National Violin Day
DECK: This day is celebrated each year on December 13 within different countries
Celebrate this year’s National Violin Day by playing, listening, or learning violin music; viewing celebrated films such as The Red Violin, The Devil’s Violinist, and Soloist; or attending or watching concerts.
Organizations from around the world are acknowledging the day: “Today we celebrate the stringed instrument we all know and love - Happy National Violin Day!” The Australian Chamber Orchestra (ACO) posted on Facebook.
“Today is the perfect day to recognise the vast history, skill and transcendent sound of the violin. From tree, to Luthier, the hands of our Orchestra and the concert halls around the world, we celebrate the violin today and beyond!”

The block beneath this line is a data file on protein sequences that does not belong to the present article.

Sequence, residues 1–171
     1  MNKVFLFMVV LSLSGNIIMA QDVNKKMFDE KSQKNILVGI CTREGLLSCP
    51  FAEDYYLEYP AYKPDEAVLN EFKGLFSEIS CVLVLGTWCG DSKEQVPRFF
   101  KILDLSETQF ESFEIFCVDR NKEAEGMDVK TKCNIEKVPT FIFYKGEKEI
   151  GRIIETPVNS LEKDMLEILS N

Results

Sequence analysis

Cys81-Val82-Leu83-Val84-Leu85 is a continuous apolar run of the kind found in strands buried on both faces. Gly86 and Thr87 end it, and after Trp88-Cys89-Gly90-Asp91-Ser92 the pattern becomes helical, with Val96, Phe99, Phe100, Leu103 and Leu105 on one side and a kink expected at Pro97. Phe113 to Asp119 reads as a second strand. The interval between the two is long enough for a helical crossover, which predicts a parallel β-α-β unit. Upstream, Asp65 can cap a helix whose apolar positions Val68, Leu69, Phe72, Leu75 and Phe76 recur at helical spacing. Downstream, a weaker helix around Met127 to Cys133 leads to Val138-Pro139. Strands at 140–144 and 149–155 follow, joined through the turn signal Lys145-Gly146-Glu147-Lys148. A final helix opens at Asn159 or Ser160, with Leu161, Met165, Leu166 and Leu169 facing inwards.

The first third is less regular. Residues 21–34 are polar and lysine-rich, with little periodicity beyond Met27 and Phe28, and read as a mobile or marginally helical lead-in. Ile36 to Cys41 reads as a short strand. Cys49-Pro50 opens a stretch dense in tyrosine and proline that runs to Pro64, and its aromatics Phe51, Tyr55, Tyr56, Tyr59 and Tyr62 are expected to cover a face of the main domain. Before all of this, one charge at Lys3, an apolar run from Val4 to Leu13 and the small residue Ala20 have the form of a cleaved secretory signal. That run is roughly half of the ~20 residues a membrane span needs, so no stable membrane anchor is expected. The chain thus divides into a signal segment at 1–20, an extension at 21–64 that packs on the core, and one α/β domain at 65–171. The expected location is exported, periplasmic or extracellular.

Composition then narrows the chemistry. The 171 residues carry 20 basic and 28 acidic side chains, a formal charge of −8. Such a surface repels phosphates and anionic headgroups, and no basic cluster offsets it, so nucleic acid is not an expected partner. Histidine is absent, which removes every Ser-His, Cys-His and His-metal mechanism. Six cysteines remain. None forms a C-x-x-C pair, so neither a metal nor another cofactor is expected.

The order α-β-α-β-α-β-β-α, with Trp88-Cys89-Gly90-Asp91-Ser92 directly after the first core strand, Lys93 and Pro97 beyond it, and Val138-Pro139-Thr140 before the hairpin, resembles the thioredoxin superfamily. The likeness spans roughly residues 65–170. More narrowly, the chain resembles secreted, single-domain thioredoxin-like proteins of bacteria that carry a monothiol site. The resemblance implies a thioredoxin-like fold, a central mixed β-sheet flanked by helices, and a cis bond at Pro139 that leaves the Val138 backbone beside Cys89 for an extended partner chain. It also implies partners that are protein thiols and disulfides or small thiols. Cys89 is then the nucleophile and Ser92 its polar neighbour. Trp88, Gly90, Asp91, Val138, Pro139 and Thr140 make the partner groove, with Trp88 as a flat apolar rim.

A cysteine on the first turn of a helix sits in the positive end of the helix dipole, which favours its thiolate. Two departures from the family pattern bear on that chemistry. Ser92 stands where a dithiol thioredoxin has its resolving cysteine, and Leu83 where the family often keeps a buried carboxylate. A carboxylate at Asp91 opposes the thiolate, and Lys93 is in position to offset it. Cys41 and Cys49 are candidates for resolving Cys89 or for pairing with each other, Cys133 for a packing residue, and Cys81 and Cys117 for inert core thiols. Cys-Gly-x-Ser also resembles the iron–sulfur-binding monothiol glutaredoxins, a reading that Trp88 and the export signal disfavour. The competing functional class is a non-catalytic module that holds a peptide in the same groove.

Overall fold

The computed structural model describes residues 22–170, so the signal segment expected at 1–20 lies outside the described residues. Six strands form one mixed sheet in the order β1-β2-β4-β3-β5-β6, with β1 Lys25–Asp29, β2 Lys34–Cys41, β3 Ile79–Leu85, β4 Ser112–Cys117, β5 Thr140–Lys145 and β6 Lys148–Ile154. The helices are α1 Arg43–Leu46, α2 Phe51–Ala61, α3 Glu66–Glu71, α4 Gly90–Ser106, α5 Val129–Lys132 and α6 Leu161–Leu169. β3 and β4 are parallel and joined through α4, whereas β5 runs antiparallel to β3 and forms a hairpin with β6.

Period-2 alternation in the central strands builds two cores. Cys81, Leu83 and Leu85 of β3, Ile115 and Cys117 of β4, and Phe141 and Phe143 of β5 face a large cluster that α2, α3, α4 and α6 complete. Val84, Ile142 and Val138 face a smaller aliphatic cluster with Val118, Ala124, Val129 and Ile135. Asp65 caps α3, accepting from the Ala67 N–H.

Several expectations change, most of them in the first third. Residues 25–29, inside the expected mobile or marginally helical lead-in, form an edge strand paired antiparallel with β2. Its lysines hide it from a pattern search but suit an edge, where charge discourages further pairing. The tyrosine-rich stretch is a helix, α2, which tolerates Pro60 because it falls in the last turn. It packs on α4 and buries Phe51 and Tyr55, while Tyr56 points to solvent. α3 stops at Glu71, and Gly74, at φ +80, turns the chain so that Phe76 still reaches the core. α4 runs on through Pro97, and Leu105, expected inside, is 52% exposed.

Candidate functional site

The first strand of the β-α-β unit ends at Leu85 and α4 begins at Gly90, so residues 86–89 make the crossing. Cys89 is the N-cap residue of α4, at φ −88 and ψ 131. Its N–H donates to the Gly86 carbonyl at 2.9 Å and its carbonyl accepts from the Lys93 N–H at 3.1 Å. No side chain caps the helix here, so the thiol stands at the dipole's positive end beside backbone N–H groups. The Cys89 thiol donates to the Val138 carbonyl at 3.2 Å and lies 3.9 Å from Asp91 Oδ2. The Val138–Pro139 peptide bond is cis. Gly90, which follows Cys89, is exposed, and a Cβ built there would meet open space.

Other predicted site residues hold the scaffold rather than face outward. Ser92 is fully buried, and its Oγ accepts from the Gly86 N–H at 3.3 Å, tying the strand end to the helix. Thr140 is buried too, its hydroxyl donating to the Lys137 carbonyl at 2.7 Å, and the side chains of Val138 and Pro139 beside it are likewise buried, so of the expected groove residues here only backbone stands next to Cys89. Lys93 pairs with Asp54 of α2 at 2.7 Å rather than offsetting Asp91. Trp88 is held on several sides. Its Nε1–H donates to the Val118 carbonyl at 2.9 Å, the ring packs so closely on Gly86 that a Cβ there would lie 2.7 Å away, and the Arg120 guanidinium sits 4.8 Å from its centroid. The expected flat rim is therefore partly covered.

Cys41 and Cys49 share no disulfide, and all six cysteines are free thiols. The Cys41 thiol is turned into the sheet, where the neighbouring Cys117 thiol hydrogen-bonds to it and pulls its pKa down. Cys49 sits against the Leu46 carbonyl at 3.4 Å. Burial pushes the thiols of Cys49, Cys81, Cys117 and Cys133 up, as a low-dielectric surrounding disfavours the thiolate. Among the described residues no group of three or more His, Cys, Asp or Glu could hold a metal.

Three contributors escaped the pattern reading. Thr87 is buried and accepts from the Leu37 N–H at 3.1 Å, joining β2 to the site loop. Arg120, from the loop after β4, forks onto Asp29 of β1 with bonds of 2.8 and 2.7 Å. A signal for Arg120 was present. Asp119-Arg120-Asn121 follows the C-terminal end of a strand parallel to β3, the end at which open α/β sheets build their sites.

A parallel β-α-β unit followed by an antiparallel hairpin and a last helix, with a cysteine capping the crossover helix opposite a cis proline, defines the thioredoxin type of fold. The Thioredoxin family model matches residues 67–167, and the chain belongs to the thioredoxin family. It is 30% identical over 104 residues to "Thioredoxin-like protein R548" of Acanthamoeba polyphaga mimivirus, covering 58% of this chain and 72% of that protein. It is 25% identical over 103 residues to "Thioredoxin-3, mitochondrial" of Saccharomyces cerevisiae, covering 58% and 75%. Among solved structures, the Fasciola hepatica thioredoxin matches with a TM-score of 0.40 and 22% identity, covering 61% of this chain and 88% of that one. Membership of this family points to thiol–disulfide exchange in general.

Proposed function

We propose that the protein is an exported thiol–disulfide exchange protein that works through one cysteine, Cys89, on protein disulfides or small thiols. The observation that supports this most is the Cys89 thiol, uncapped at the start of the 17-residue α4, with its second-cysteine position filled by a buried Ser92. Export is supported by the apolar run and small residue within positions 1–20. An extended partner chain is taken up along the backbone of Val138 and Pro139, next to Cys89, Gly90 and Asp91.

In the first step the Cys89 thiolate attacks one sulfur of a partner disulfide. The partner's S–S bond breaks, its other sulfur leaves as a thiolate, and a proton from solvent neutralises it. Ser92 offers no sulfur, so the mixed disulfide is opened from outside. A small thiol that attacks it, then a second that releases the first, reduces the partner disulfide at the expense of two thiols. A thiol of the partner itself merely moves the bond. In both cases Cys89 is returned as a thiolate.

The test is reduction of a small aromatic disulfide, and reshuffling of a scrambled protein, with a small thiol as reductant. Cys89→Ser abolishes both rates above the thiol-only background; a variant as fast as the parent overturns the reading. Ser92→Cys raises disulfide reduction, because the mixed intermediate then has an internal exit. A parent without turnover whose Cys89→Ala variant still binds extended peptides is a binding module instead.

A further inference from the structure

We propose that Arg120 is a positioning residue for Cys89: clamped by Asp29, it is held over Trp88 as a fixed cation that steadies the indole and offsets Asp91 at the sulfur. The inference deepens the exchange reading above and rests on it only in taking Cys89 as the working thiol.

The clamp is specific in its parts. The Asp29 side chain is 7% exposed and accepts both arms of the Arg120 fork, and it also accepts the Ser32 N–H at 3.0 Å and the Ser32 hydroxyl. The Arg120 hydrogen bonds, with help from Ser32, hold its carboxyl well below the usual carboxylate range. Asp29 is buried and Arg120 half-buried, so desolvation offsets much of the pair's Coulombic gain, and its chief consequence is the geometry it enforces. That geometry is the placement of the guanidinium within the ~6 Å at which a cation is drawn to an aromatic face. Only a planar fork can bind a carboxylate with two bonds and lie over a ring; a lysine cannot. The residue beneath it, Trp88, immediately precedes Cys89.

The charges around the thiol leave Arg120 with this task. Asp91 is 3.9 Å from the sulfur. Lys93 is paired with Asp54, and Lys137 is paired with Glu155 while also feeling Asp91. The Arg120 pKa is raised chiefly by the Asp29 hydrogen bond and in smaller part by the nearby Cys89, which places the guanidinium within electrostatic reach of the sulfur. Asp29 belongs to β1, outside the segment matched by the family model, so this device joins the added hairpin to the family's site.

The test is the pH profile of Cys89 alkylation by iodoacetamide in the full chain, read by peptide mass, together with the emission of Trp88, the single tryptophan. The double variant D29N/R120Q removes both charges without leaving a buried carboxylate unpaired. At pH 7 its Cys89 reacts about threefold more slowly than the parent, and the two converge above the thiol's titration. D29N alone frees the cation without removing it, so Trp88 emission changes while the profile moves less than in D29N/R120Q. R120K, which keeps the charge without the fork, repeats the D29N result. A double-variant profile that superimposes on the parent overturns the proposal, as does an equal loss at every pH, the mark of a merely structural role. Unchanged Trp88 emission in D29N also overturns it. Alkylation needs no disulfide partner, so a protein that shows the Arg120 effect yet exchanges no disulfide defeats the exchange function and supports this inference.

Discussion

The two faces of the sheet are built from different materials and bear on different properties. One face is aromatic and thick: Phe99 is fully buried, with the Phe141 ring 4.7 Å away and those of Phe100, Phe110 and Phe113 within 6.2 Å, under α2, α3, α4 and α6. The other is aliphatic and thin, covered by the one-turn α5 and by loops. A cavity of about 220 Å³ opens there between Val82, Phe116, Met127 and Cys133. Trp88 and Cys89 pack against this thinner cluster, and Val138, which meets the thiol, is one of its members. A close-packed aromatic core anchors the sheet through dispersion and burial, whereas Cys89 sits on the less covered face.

According to American musicologist and violinist, David D. Boyden, the earliest type of violin emerged no later than 1530 and most of its evolution can be traced through iconography of the time.
Rather than originating from a single instrument form, the early violin was born from a combination of the best and most sonorous components of mainly the rebec, the Renaissance fiddle, and the lira da braccio, also a 16th-century Renaissance instrument.
It is believed that the first modern violin was made by Andrea Amati of Cremona, Italy. This first four-stringed instrument by Amati was dated 1555 and is the oldest surviving violin of his collection from around 1560.
In 1560, Andrea was also the creator of an entire ensemble of stringed instruments, including 24 violins, for King Charles IX of France.
Some of the most-prized violins to this day were crafted by the houses of Amati, Guarneri, and Stradivarius.